Travel Restrictions: Here’s what you need to know for Massachusetts

Coronavirus Local Impact

Coronavirus Resources from the CDC

Every state has different travel restrictions in place in an effort to limit the spread of the coronavirus.

Beginning Aug. 1, anyone entering Massachusetts (visitors and returning residents alike) from a state considered “high-risk” for COVID-19 has to fill out a travel form and self-quarantine for 14 days or produce a negative test result.

Those found to be in violation of the order could be fined $500 per day.

There are exemptions, which include people traveling from one of four “lower-risk states,” along with people commuting to work or school, people receiving specialized medical treatment, and military personnel.

  1. Hawaii
  2. Puerto Rico
  3. North Dakota

However, workers or students who travel out-of-state for personal or leisure reasons cannot rely on that exemption, according to Mass. officials.

The Department of Public Health metric for determining lower-risk states for the purposes of Massachusetts’ interstate travel policy considers data over two weeks before moving a state from lower risk to high risk. One week of data is the standard for moving states into the lower risk category. Additionally, the threshold of daily cases per 100,000 residents is 10 (which ensures that Massachusetts’ standard is in line with other states). States are included on the “lower-risk” list based on meeting two criteria: average daily cases per 100K below 10 AND positive test rate below 5%, both measured as a 7-day rolling average.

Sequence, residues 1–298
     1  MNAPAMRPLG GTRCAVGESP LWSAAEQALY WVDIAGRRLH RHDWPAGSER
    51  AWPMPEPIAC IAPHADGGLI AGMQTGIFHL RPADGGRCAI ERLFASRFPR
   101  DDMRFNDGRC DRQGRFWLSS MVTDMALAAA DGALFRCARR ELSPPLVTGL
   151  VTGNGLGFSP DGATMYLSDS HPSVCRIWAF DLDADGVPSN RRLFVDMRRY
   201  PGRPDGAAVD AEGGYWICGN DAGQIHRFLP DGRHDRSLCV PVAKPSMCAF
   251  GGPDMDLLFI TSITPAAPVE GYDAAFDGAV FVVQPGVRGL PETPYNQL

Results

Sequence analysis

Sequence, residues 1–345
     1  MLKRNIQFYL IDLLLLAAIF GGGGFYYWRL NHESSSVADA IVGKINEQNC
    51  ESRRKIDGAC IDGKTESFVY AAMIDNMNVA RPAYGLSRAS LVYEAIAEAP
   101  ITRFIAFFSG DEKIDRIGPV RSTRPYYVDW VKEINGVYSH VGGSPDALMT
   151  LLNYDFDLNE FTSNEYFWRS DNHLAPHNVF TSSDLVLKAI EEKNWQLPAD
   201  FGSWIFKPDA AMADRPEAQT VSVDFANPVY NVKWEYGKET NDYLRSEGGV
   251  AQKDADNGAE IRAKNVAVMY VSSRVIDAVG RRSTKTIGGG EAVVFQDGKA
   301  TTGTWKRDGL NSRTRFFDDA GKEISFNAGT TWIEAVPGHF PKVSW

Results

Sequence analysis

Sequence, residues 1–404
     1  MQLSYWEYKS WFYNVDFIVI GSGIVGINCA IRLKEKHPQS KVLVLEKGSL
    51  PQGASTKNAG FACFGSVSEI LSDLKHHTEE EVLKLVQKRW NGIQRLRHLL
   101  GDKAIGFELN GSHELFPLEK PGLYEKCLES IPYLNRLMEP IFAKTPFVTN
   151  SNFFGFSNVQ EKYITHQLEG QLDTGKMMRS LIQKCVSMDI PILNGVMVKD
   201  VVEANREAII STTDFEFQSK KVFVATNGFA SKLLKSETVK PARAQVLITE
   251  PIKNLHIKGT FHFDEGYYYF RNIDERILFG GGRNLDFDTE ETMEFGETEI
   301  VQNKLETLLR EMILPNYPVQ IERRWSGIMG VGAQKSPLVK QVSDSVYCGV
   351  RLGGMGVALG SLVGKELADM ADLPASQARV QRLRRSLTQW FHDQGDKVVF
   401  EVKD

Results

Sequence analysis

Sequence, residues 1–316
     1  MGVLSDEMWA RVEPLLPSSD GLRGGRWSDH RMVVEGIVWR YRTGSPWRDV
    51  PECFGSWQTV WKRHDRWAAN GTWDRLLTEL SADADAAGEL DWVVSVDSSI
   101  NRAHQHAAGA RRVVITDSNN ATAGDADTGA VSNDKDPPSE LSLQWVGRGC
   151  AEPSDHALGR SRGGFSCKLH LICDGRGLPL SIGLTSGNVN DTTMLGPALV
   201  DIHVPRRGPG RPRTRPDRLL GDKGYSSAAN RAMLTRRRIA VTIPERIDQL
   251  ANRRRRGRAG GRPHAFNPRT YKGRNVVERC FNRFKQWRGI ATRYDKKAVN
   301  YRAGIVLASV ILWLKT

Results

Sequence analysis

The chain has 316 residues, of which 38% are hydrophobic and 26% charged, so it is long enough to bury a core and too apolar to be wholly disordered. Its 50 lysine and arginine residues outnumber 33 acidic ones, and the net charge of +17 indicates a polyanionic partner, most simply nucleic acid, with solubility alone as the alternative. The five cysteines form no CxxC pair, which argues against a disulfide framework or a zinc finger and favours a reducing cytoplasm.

Below are some other travel scenarios that may be relevant to Southern New Englanders, with answers from

“Travelers are exempt from the requirements to fill out the Travel Form and self-quarantine or obtain a negative COVID-19 test result if their travel is limited to brief trips for purposes that the commissioner has designated as Critical Life Activities:

  • Grocery shopping
  • Visits to pharmacies
  • Attending appointments with licensed health care providers, including medical, dental, or mental health
  • Visiting persons receiving treatment in hospitals or residing in congregate care facilities
  • Attendance at day care or children’s camps
  • Attending religious services, and funerals or memorial services
  • Attending to the care needs of a family member

“During such trips, travelers are instructed to wear face-coverings, maintain social distance, practice good hygiene, and adhere to all other COVID-19 rules and restrictions.”

Are trips that last less than 24 hours exempt from the order?

“No, there is no specific exemption for trips that last less than 24 hours. Such short trips may be covered by exemptions like the ones for transitory travel or commuting for work or school. The full list of exemptions is here. Travelers arriving from places other than lower-risk states must fill out the Travel Form and self-quarantine or obtain a negative test result if they do not meet one of these exemptions.”

Visit or text “MATraveler” to 888-777 for more information.

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